“Write because you love to write and you want to take the time to improve your skills. Do not get into this field because of fame. Become a Journalist because you can’t live one day without telling stories that matter.” What further work can we look forward to in the upcoming year? Well, 2014 just kicked off and I am excited to get involved in few key projects I have been working on for the past 3 years . Those who are familiar with Tropics Magazine will notice that things are changing for the best and God willing, things are looking up and I am grateful for God’s blessings. I got into content production last year and produced the “Venicia Guinot Show” on www.radiotongolo.com which featured more than a hundred African personalities and friends of Africa. Since 2011, I have grown to become a diligent Executive Producer and I look forward to launching new projects that will interest both the African and international community. Your French-speaking readers can catch up with me every Wednesday on www.radio-tongolo.com (evenings) to participate to my upcoming second radio show called “Opinions Plurielles” to debate on issues that matters. I look forward to a productive year and wish to achieve more for Africa and its people. What three things do you think no woman should ever be without? With the fresh season upon us, I think this is the perfect time to reflect on what I believe to be the top 3 things a woman cannot live without. Education: To better understand why, here is a quote from Madiba that I cherish so much and which should come in handy: “Education is the most powerful weapon to change the world.” A can-do spirit, which is necessary for any human being who is ready to help himself. Having the willingness to take initiatives in the corporate world or at home is important and relying on others is not always the way to go. Lastly, ‘Home is where your heart is.” Create your sanctuary and find a home, space,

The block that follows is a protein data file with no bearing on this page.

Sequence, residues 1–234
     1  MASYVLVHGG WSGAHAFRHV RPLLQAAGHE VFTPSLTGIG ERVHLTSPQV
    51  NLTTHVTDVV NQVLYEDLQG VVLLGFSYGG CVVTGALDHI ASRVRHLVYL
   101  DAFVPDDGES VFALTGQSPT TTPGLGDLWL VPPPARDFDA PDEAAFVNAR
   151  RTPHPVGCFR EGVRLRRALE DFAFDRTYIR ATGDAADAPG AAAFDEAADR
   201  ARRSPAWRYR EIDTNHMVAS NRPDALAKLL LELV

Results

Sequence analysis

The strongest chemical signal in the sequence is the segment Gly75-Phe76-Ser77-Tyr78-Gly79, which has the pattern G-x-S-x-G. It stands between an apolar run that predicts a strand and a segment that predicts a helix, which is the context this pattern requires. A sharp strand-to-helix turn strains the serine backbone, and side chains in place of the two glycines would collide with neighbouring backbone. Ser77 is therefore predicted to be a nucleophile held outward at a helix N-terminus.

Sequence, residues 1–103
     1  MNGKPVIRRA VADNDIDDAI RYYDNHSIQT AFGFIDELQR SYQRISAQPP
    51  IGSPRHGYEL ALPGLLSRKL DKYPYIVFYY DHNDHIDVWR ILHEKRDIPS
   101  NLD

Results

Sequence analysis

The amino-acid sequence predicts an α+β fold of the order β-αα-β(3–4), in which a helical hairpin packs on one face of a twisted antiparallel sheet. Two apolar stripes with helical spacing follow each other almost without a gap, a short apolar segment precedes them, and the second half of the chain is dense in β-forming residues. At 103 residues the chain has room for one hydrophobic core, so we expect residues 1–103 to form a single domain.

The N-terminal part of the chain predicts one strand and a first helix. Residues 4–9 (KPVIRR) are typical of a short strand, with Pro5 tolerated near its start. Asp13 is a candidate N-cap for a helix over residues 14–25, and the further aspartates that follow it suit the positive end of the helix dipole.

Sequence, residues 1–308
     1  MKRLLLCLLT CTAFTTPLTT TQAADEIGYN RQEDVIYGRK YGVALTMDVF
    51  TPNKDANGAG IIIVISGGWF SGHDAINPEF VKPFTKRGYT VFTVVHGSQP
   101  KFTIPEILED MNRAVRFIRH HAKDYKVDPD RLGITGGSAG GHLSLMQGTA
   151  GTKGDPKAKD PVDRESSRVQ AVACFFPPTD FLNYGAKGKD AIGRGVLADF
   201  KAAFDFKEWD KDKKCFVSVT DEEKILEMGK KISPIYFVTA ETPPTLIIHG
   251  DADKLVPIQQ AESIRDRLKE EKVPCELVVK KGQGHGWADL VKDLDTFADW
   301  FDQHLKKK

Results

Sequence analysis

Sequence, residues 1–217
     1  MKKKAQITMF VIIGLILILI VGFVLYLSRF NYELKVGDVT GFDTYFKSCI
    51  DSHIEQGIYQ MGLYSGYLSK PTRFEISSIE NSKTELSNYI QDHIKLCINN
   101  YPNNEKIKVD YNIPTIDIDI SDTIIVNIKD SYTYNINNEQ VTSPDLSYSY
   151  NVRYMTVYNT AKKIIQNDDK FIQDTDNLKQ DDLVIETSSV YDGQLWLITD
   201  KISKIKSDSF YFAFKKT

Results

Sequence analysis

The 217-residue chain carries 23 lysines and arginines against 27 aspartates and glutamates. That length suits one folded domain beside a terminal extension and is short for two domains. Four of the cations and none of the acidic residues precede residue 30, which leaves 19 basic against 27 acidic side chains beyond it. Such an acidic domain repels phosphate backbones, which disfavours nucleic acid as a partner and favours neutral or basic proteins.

apartment, room, retreat and allow yourself to be alone with your thoughts and feelings. A woman without the ability to unwind in her own privacy will quickly buckle under the stress of daily life. Choose to be happy and be! Share any final thoughts or anything that wasn't mentioned that you'd like to include. I appreciate this free question which allows me to close this interview with one piece of advice to those who wish to become journalists one day: “Write because you love to write and you want to take the time to improve your skills. Do not get into this field because of fame. Become a Journalist because you can’t live one day without telling stories that matter.” Africa needs you right now and do not forget that this is the best time to be a journalist, and if you happen to be a woman , remember that you will have more opportunities now than ever before to succeed. Network with other successful journalists and help each other climb the ladder. As Ms. Oprah Winfrey said once: “Think like a queen. A queen is not afraid to fail. Failure is another steppingstone to greatness.”

Connect with Vénicia Guinot and follow her work : Tropics Magazine : tropicsmag.wordpress.com Ventures Africa : ventures-africa.com/category/lifestyletravel/travel/


Cooking With Oshin

O